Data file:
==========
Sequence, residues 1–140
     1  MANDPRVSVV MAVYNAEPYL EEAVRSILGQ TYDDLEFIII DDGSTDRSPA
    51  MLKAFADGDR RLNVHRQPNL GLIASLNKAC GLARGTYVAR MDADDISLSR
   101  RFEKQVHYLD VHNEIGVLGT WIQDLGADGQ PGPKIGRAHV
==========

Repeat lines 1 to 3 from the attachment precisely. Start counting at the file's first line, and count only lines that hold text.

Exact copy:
Sequence, residues 1–140
     1  MANDPRVSVV MAVYNAEPYL EEAVRSILGQ TYDDLEFIII DDGSTDRSPA
    51  MLKAFADGDR RLNVHRQPNL GLIASLNKAC GLARGTYVAR MDADDISLSR